Thomas & Hayes (2006) examined the fish community and habitat structure of one fifth-order mainstem, two second-order adventitious tributaries to the mainstem, and three second-order headwater streams and verified that fish species richness generally increased with increasing stream order and was similar but higher in the adventitious streams than in the headwater streams. Factors in addition to stream order, such as stream connectivity and temperature (Thomas & Hayes, 2006), stream environmental characteristics and stream channel location within a network (Osborne & Wiley, 1992; Grenouillet et al., 2004; Thornbrugh & Gido, 2010; Hitt & Angermeier, 2011) are also indicated as important determinants of stream fish assemblage in this type of drainage network.

The Taquari River is one of the main tributaries draining the South Pantanal. The ichthyofauna of this river has been studied since the 1970s, with the objective of improving knowledge for conservation and fisheries purposes of the Pantanal (Catella et al., 1996; Willink et al., 2000; Resende & Santos, 2002; Rotta, 2003; Britski et al., 2007; Froehlich et al., 2017). However, there is a gap on the studies about the ichthyofauna present on the small adventitious streams of this highly dendritic system of the Upper Taquari River basin, represented by species dependent on the stream conditions of conservation, with potential occurrence of endemism, and that still needs more studies (Froehlich et al., 2017).

Thus, the present work aims to analyze and compare spatially and temporally the structure of the ichthyofauna of five adventitious streams of the Taquari River, evaluating its relation to the characteristics and conservation of the streams. The hypothesis is of a spatial difference in the structure of the ichthyofauna, with greater diversity in the streams with characteristics more stable temporally and in better state of environmental preservation.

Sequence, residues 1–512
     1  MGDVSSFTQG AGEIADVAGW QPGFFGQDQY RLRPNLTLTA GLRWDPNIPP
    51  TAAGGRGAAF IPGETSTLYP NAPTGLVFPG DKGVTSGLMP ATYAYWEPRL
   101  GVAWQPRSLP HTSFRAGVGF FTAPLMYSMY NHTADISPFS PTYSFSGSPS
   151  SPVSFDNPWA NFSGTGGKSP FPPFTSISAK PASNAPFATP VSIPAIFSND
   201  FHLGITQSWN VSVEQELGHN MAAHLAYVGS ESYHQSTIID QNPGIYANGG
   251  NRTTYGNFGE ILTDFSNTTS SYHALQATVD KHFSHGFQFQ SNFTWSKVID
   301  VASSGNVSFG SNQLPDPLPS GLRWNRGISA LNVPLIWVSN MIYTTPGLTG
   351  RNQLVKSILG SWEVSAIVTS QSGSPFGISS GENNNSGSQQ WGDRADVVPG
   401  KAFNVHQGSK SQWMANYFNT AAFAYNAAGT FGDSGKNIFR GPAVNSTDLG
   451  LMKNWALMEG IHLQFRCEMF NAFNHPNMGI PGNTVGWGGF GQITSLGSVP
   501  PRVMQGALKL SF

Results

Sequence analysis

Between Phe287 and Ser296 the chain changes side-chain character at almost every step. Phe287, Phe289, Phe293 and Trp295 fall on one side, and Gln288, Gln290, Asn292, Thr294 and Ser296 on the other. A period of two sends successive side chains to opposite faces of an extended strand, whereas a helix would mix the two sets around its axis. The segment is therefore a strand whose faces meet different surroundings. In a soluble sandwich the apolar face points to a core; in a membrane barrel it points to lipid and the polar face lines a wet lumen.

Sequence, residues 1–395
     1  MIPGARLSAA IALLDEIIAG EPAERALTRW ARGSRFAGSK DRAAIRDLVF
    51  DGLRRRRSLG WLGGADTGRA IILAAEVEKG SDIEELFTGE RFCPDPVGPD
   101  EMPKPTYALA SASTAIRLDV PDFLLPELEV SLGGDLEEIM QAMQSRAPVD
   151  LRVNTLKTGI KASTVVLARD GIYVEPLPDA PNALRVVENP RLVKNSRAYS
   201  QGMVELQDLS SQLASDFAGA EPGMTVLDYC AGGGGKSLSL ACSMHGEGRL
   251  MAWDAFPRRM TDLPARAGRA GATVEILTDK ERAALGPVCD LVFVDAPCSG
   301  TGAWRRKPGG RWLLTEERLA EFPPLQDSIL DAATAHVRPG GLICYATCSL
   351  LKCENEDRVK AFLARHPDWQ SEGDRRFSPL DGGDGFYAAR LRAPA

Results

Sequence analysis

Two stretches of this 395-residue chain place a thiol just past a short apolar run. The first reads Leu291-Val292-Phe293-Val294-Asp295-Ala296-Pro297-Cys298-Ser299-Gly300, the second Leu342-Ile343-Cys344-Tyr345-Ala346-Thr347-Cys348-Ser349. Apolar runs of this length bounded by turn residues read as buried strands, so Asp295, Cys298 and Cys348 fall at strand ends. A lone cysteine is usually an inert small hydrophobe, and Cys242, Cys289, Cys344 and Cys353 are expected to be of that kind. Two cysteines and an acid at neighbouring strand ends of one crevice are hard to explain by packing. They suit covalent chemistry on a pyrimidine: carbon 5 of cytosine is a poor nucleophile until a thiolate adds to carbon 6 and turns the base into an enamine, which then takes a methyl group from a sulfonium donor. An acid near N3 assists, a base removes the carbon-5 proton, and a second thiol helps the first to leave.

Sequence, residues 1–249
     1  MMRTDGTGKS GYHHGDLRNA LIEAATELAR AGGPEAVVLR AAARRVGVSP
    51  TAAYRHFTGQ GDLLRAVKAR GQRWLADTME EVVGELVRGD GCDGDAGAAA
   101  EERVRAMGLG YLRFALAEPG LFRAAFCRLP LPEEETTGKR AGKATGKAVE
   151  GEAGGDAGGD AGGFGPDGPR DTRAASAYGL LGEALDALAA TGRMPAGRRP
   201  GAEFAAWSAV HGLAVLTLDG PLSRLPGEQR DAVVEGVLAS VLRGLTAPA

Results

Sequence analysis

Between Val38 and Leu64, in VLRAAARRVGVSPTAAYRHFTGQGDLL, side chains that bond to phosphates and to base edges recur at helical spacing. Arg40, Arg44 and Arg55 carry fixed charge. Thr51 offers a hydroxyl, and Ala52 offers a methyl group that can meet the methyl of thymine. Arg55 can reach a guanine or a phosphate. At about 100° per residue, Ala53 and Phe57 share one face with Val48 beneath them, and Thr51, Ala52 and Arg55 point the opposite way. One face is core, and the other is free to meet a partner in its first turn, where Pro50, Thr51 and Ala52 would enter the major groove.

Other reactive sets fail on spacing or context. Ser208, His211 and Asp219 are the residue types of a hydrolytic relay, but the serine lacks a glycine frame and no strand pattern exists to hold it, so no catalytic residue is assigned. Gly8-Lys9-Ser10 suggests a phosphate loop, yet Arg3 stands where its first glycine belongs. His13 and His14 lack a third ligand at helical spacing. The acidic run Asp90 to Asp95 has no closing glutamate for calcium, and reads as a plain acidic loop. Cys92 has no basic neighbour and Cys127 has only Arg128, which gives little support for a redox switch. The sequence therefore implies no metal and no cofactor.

The work also intends to contribute to the knowledge of the ichthyofaunal structure of adventitious streams, an important ecosystem of the central-western region of Brazil. As pointed out by Willink et al. (2000), the main threats to the fishes of the Pantanal area are due to human occupation, leading to the removal of riparian forest, which alters the habitat quality for the aquatic fauna.

MATERIAL AND METHODS

The study was carried out in five adventitious streams of the Upper Taquari River Basin (Fig. 1). The Taquari River is located on the left bank of the Upper Paraguay Basin, which, together with the Paraná and Uruguay Basins, forms the Prata Basin (Piedra-Cueva, 2009). In the area, the savanna with open arboreal vegetation and the pasture predominate (Antas & Nascimento, 1996; Brasil, 1997). The climatic regime is characterized by a dry season in the middle of the year that can last from 3 to 4 months and a rainy season at the end and beginning of each year (IBGE, 1990).

Figure 1  Location of Mato Grosso do Sul state in Brazil (MS), the state being delimited by the Paraguay River to the west, with the studied area in the Taquari River indicated by a rectangle (map above) and amplified to indicate the location of the studied streams (map below) (Streams: 1, Óleo; 2, Cabeceira Comprida; 3, Firmino; 4, Toni; 5, Aldeia). 

The five adventitious streams studied comprised three of first order and two of second order, characterized by small dimensions and extension, moderate current, predominantly sandy-clay substrate and presence of riparian vegetation (Tab. I). However, some differences between the streams can be emphasized, such as rocky substrate in Toni stream, less shading in Aldeia stream, and higher values of extension, width, depth, current and discharge in Cabeceira Comprida and Aldeia streams. The Toni stream was also the one that presented the highest values for most limnologic variables analyzed (Tab. I).

Table I  Characterization of the five adventitious streams of the Taquari River basin, Brazil being presented the mean and standard deviation of the variables measured during four months of sampling (June, August and December 2007; February 2008). Total extension and distance of the sample section from the mouth at the Taquari River were estimated from an IBGE cartographic map 1:100.000 (Firmino stream was not registered). 

Variables Óleo C. Comprida Firmino Toni Aldeia
Channel order 1st 2nd 1st 2nd 1st
Extension (km) 5.5 10.0 - 4.0 6.0
Distance (km) 0.7 1.1 0.4 1.8 1.2
Substrate Sandy-clay Sandy-clay Sandy-clay Rocky Sandy
Degree of shading (%) 95.1±1.2 98.5±0.6 99.0±1.2 87.7±2.8 54.3±5.5
Width (m) 1.7±0.1 2.4±0.2 1.4±0.1 2.0±0.2 2.5±0.5
Depth (cm) 5.6±1.0 13.4±1.9 4.6±0.8 5.6±0.9 11.8±2.1
Current (m/s) 0.33±0.03 0.44 + 0.09 0.31±0.06 0.09±0.09 0.47±0.15
Discharge (m3/s) 0.034±0.09 0.158±0.089 0.020±0.008 0.002±0.004 0.199±0.095
Dissolved oxygen (mg/l) 9.6±1.0 9.4±0.8 9.1±0.4 5.9±2.5 9.1±0.8
Conductivity (µS/cm) 16.5±2.2 22.0±5.1 10.7±0.9 268.6±23.2 5.3±1.3
Alkalinity (mg/l) 11.1±0.3 14.6±2.7 6.9±0.6 34.6±14.2 4.0±0.4
Hardness (mg/l) 3.4±0.5 7.0±2.8 3.9±0.6 87.1±56.9 1.4±0.8
pH 6.8±0.1 7.1±0.1 6.7±0.1 6.8±0.2 5.9±0.1
Total phosphorus (µg/l) 19.8±6.8 40.5±33.8 29.8±15.5 20.9±12.2 12.6±4.3
Total nitrogen (µg/l) 116.2±32.4 136.4±117.3 108.5±122.2 237.5±104.9 67.8±103.0